Why Couldn't Arrington Realize CrunchPad?
Michael Arrington has a lot of influence, but obviously not enough influence to push a product to market, or so it seems. Like many serial entrepreneurs, Arrington is watching a great product idea die just shy of the finish line.
Alternately viewed as a renegade journalist for not honoring press embargoes and as a industry visionary, after being named to Time’s 2008 annual list of the world's most influential people, Arrington touted his dream of a $200 touch screen Internet tablet, dubbed the “CrunchPad,” on his highly trafficked website, TechCrunch. Through the power of social media he built a grassroots buzz that he began to commercialize into an open source development project, and which was expected to materialize as a viable product for the market before year-end.
But Arrington’s effort fell short of realization, and it seems in his role as an industry influencer he is not immune to problems that plague other tech innovators. Rumors of cost overruns, challenges with shared intellectual property ownership and decision rights, and technical hurdles seemed to plague his effort. Despite his ready audience of Twitter followers and blog readers, and their enthusiastic support of his vision, he conceded today the device was DOA.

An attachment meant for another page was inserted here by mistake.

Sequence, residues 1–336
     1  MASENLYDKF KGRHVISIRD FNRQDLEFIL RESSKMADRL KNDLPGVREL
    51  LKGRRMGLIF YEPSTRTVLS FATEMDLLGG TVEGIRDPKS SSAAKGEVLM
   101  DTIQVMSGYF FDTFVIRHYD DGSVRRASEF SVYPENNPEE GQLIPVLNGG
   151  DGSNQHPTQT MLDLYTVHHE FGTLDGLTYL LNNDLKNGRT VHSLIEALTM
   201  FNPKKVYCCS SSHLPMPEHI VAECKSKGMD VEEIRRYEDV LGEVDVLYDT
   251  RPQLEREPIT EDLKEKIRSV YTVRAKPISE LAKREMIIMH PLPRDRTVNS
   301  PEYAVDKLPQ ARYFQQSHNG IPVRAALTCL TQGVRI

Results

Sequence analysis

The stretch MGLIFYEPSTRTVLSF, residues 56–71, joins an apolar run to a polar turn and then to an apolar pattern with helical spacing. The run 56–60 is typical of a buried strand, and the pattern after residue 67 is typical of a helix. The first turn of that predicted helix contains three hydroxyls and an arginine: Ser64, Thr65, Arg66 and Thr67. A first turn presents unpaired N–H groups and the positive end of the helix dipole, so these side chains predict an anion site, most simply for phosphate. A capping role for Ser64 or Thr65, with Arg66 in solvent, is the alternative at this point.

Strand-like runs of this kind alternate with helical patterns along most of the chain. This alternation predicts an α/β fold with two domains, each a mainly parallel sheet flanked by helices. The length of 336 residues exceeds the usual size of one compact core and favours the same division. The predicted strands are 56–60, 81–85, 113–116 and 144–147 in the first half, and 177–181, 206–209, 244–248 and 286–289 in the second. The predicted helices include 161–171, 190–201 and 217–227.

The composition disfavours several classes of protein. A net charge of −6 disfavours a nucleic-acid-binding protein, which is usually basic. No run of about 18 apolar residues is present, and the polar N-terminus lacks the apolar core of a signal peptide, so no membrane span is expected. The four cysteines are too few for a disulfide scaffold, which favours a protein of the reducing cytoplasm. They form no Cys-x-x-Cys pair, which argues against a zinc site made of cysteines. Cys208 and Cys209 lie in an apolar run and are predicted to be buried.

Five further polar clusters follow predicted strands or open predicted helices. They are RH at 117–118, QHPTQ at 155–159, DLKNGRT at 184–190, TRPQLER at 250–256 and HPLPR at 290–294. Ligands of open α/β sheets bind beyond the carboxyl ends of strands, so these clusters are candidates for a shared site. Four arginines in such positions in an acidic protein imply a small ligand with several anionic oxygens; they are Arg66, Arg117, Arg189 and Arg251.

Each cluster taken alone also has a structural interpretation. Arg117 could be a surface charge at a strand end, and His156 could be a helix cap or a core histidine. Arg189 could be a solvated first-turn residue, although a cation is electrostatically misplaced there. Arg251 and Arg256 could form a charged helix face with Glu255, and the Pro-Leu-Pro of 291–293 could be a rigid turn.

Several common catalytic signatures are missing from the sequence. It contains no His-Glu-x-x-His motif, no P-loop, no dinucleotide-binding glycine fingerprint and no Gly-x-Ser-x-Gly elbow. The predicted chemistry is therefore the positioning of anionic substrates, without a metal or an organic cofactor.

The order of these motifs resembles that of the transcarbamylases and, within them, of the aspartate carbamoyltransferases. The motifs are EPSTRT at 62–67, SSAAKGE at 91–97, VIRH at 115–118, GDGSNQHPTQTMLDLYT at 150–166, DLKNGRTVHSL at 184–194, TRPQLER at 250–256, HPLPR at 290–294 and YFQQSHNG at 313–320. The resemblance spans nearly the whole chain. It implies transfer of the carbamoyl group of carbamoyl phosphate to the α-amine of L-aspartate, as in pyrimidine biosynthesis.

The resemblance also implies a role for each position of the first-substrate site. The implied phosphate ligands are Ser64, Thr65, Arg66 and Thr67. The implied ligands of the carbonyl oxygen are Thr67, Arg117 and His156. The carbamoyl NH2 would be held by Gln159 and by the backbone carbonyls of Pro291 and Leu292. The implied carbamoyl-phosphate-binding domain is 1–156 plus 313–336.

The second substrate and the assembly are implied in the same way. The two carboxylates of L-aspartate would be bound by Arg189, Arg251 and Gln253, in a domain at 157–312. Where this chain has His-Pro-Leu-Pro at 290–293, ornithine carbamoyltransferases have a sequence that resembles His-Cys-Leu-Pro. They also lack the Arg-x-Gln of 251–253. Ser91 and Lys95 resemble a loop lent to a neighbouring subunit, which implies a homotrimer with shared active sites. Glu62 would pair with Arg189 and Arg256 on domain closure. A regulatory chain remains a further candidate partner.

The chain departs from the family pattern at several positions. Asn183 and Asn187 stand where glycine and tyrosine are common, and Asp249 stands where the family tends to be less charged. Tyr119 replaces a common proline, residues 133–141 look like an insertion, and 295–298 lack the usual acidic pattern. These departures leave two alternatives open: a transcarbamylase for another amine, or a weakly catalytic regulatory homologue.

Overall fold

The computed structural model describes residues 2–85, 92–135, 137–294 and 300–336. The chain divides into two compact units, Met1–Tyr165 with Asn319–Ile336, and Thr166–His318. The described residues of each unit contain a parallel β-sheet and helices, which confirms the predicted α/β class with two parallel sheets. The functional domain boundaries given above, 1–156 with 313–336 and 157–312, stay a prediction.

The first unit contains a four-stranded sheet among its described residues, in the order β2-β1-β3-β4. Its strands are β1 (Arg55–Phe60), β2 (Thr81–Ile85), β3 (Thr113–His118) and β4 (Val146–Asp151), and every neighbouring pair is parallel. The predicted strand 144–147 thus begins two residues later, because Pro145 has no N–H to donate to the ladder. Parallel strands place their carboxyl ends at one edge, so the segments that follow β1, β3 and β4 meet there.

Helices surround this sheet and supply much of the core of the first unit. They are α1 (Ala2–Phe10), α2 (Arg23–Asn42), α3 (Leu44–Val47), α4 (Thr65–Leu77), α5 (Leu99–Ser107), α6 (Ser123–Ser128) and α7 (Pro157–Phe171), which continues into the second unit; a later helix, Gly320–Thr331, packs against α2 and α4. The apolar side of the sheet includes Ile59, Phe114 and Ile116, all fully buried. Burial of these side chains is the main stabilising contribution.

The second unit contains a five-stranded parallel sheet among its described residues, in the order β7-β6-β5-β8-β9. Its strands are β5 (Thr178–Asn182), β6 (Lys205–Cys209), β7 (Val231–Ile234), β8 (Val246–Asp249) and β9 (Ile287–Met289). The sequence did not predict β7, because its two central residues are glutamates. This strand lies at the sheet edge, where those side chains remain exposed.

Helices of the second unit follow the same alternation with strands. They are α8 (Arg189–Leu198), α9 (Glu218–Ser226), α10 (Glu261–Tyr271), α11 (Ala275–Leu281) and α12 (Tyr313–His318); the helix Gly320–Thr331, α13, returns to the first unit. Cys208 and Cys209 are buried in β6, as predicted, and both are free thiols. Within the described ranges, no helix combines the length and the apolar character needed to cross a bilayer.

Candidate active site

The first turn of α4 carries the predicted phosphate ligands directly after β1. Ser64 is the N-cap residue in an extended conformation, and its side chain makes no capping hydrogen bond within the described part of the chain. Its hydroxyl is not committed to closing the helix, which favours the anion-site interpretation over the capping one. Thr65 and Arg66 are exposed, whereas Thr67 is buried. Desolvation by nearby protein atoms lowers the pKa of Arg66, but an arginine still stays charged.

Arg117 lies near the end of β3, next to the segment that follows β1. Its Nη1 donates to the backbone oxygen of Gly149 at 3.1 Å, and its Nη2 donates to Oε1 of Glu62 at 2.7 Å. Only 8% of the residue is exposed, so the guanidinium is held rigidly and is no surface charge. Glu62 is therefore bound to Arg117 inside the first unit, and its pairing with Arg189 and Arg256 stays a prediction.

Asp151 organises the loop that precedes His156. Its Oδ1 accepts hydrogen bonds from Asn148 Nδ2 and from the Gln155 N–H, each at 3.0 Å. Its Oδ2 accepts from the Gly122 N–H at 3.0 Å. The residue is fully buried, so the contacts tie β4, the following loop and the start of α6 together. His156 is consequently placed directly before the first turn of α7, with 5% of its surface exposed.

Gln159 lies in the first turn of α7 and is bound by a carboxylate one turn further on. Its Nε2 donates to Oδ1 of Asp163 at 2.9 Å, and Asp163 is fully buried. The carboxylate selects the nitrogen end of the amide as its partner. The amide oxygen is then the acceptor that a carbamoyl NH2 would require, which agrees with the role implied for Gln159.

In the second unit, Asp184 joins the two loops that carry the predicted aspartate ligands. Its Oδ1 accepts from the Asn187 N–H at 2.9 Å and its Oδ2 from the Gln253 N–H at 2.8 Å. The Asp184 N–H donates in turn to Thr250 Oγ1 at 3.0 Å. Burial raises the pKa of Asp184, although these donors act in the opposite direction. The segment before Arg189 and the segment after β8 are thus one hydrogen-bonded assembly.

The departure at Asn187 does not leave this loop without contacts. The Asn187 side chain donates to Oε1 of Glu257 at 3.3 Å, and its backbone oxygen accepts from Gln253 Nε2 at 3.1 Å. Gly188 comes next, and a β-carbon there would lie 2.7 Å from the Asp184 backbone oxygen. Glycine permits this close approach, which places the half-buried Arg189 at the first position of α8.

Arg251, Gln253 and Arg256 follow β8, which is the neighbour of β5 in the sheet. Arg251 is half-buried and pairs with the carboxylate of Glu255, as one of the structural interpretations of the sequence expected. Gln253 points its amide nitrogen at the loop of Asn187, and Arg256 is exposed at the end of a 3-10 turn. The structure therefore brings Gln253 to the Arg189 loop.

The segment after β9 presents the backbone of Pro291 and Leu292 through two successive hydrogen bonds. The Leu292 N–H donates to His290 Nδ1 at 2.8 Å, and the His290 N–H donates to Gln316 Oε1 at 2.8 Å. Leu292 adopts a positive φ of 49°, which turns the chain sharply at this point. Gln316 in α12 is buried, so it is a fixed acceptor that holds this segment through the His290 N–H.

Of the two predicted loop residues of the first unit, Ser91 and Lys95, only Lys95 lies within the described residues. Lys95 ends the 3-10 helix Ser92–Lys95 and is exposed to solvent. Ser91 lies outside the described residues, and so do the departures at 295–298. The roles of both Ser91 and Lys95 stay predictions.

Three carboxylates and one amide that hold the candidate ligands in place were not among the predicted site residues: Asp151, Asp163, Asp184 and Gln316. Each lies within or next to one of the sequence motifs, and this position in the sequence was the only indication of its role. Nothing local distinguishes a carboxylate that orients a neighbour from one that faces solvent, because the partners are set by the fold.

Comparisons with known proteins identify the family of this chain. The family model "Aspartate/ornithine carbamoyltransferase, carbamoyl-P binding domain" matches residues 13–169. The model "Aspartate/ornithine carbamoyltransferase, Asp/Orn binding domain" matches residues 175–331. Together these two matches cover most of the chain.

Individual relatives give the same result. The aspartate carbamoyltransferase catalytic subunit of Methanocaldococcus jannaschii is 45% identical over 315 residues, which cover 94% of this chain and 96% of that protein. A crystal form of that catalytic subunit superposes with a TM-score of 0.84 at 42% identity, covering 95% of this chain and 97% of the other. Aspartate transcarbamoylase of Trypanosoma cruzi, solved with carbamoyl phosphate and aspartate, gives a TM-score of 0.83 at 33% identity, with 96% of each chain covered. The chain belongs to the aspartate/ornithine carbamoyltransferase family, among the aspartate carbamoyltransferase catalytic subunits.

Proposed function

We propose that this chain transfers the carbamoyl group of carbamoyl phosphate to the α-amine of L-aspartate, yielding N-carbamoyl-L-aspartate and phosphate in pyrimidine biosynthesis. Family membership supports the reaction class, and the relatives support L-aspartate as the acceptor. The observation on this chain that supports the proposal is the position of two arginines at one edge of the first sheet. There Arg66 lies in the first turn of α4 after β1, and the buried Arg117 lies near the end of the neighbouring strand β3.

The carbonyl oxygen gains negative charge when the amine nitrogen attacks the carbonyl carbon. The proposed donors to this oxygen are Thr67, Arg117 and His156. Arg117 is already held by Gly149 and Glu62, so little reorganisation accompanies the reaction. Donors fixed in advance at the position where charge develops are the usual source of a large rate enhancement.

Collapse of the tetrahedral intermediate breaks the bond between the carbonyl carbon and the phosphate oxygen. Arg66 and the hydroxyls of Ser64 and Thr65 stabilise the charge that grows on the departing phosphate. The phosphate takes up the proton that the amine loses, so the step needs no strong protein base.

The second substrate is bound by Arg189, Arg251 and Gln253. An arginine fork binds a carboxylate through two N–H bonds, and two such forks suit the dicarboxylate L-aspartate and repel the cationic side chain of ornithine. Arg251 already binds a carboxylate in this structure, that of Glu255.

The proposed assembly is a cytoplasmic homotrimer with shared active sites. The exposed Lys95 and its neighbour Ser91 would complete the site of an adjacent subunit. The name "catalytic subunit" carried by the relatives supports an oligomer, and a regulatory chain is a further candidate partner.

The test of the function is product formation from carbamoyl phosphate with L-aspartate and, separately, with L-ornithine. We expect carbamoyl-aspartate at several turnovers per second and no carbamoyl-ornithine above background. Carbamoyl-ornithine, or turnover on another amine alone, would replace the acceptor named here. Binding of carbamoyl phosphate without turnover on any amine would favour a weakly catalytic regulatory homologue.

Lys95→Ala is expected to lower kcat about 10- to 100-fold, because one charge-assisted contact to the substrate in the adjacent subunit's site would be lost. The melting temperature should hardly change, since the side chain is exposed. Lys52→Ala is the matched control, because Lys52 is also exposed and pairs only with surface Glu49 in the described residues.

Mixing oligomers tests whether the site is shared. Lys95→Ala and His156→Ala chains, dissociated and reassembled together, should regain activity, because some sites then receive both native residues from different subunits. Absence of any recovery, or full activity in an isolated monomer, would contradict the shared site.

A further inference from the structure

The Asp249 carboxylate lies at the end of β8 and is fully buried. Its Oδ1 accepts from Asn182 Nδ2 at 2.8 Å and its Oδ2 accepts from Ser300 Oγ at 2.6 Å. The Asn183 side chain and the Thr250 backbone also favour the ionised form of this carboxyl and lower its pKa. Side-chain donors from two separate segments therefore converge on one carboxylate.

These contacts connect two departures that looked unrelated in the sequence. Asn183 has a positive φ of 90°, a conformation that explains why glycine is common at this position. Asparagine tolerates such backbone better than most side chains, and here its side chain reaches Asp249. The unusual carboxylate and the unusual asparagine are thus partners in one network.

For some who analyzed the failure of the CrunchPad to launch, it was Arrington’s ego and personal style that were ultimately to blame. Arrington has had a history of very public legal battles with companies like YouTube, Rivals, and Marvel and has even been accused of libel resulting from TechCrunch postings. His background in law has served him well in picking street fights and battling a number of cease and desist actions.Continued on the next page